Typically, companies selling RF equipment, including wireless LANs, will visit the distribution center, warehouse or manufacturing facility where you plan to use their equipment. Site inspections are important because the vendor can see what other wireless equipment you are using, whether it might interfere with RFID equipment and how to get around the interference issue. The vendor can also assess environmental issues that could affect the performance of a system, such as the presence of a lot of metal shelving or water, which interferes with radio waves. The inspection will cost $2,000 to $5,000 or more, depending on the size of your facility and the nature of your products. But you need to have this done by only one reliable vendor.

4. How will you help me protect my investment?

Standards are in flux. EPCglobal, a joint venture set up by the Uniform Code Council and EAN International to commercialize EPC technology, is working on a second generation of the Class 1 EPC protocol that will be significantly different from the existing Class 1 protocol. It's possible that ISO standards and EPC standards could merge over time. No company wants to invest in technology only to find out that it is not compatible with newer standards that emerge.

It's important to insure that any reader you purchase today can be upgraded remotely over a local or wide area network to comply with new standards that emerge. Typically, this involves installing new firmware in the reader. Many, but not all, companies now offer readers that can be upgraded remotely.

Some companies are offering readers that can operate using several different protocols and even different frequencies. This is one way to guarantee that whatever protocol emerges as a standard, your hardware will be able to cope. However, there may be some trade-offs. Some multiprotocol readers are more expensive than single-protocol readers, and there can be a decline in performance if the reader is set up to try to run through a series of protocols to detect which types of tags are in the read field. Compare prices and ask vendors to demonstrate the reader using several dozen tags using a variety of protocols on a variety of products.

5. How will you help me minimize my maintenance costs?

The big benefit from an RFID system is that there is no additional cost for reading tags because you don't need to pay someone to scan tags at each point in the supply chain, as you would using a bar code system. But you do have to maintain the readers. In small systems, that's not a big issue. But once you begin deploying RFID technology more widely, making sure hundreds or even thousands of readers are functioning properly could become a massive, expensive headache.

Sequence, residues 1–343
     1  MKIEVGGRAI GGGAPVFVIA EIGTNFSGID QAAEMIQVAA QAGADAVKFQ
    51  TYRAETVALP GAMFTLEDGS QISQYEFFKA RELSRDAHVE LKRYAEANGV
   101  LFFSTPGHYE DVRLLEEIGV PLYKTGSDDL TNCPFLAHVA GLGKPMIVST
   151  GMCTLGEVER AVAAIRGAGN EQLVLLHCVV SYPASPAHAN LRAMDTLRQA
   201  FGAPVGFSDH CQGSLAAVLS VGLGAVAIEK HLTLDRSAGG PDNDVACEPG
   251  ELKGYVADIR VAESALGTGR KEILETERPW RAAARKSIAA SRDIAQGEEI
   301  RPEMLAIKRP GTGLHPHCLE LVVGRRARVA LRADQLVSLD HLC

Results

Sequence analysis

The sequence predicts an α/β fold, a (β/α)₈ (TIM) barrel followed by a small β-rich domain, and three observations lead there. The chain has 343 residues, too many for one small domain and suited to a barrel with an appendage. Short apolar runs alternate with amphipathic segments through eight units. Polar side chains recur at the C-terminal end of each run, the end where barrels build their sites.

Ask potential reader suppliers how their product can be maintained in a cost-effective way. Will your system administrator receive an alert if a reader is no longer detected on the network? Can readers be rebooted remotely? Do the readers have self-diagnostic systems? What kind of warranty do the readers come with? All of these issues should be considered, along with the cost, performance, frequency and protocol of the readers you are considering purchasing.

6. Have you done any interoperability testing?

ISO has standards for testing conformance with protocol standards. However, there are currently are no standards for guaranteeing interoperability between EPC tags and readers produced by different manufacturers. That's not a big issue right now because only Alien Technology and Matrics produce EPC tags, and there are only a handful of vendors producing readers that can read EPC tags.

The first Class 1 tags using microchips made by ST Microelectronic hit the market this year. And more and more reader makers will begin to offer Class 1 and Class 0 EPC readers or multiprotocol readers that read both. As the number of EPC tag and reader makers expands, it will become increasingly important to ensure interoperability. EPCglobal is expected to certify EPC equipment that conforms to its standards, but until that happens, end users will need to make sure the readers they buy have been thoroughly tested with tags from different manufacturers. Ask the vendor you are seriously considering to demonstrate that it's readers work with Class 0 and Class 1 tags from different manufacturers.